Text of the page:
Developer: Vatra Games / Publisher: Konami / Played on: PlayStation 3 (also available on Xbox 360) / Price: $59.99 / ESRB: Mature (Blood, and Gore, Sexual Themes, Intense Violence, Strong Language)
The release of Silent Hill: Downpour marks a minor milestone in the 13 year-old series as there’s now as many Western-developed Silent Hill games as there are Japanese-developed installments. Many longtime fans have been slow to accept the ‘outsourced’ Silent Hills and my guess is that Downpour’s reception won’t be any different, as it’s been developed by Vatra Games. The Czech studio walks the same kind of thin tightrope that many Western studios have balanced when entrusted with a beloved Japanese property: It’s the challenge of providing a fresh experience while hitting all the familiar notes that will make the fans happy.
When the first Silent Hill released in 1999, playing an ‘everyman’ was still new. The ease with which one can relate to that kind of character made the Silent Hill games all the more memorable. You play a similar non-action hero in Silent Hill: Downpour with the minor twist that the game’s protagonist, Murphy Pendleton, is an escaped convict. There’s just a little bit of The Fugitive near the beginning involving a prison bus rolling off the side of the road. This prompts Murphy’s escape that eventually leads him to Silent Hill. There’s a slight deviation from the Silent Hill formula; whereas most characters in the series go to the town in search of someone, all Murphy wants to do is get the hell out. And it wouldn’t be a Silent Hill game without some psychological subtext. In Downpour’s case, Murphy’s background as a convicted murderer isn’t cut and dry. Much like past games, the town of Silent Hill is there to help sort out his emotional baggage. He makes for an adequate vehicle for the game’s narrative although he lacks the support of a strong script to make me empathize with him as much as say, SH2‘s James Sunderland.
That said, I was glad I could at least rely on the hostile inhabitants of the town to generate an emotional response. This is an unusual Silent Hill where weapons break after continued use, but thankfully there are a ton of them, from highly useful pickaxes with long reach to less effective bricks. You can only carry one melee weapon and one firearm at a time, so there’s extra tension in being ready to grab, say, a chair as your stick breaks in the middle of a fight. It shouldn’t be surprising that infrequent appearances of enemies make their encounters all the more meaningful. To developer Vatra’s credit, I lost count of the times my skin crawled, either because of an enemy falling from the ceiling or someone waiting for me at the other side of a door. I would even try to temper this by adopting the ‘Let’s get this over with!’ approach of charging straight into a room just so I can get every nearby enemy out of the woodwork. Sometimes it’s just easier to deal with a group of enemies out in the open than it is to have them scare the crap out of you one at a time.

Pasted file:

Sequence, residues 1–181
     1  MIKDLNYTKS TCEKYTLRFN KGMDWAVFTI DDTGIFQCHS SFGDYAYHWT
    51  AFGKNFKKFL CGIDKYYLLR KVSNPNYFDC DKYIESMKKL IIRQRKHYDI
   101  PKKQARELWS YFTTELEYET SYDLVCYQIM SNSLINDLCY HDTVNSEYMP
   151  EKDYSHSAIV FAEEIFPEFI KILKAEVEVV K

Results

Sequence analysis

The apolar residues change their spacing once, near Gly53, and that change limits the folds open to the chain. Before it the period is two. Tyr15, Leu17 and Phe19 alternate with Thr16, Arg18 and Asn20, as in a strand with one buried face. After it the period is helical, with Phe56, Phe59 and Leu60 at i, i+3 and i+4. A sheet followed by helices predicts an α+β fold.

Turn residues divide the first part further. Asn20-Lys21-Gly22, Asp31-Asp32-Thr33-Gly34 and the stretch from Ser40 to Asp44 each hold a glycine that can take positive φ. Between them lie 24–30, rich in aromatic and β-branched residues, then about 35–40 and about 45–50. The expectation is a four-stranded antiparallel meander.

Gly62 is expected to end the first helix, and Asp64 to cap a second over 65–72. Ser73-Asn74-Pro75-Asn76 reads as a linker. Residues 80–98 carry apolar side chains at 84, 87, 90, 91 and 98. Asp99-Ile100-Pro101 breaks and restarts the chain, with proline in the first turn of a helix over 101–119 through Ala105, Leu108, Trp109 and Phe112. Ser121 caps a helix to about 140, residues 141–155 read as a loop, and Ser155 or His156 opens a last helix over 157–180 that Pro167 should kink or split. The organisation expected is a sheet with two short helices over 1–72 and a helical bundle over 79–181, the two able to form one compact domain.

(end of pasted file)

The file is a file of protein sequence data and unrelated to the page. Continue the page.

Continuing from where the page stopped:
The design has also taken this opportunity to introduce other parts of Silent Hill not seen in past games’ maps. Downpour takes its time in getting you to the town proper; I didn’t hit foggy suburbia until I was 21% into my playthrough. Much of the lead up is spent in a mine, a natural setting for creatures to appear out of nowhere, which you’ll appreciate even more if you’re a fan of the British cave horror move, The Descent.
The game flow will be recognizable to Silent Hill fans. It feels familiar to spend about an hour at a time in a specific building, traipsing from room to room, exploring each one thoroughly for items. Progress can be as simple as finding the right key or as tricky as finding a key code by solving a puzzle. Figuring out such problems can involve referring to Murphy’s notebook or performing a more labor-intensive puzzle. One task I was fond of saw Murphy managing the production of a Hansel & Gretel play, where I had to figure out the order in which to raise a curtain, play music, shine a spotlight, reveal backdrops, and make thunderstorm sound effects. These incidents can feel rewarding once solved; the downside is that a number of them feel incredibly dated, as if a 1999 survival horror game just released. It seems silly to spend 20 steps trying to find a key item to bypass an obstacle when someone in real life (let alone any other game in 2012) would have just jumped over it. I especially found it frustrating that the game requires a specific stick with a hook in order to pull down fire escape ladders even though Murphy looks smart enough to pull down the same ladder with one of the countless crowbars in the game.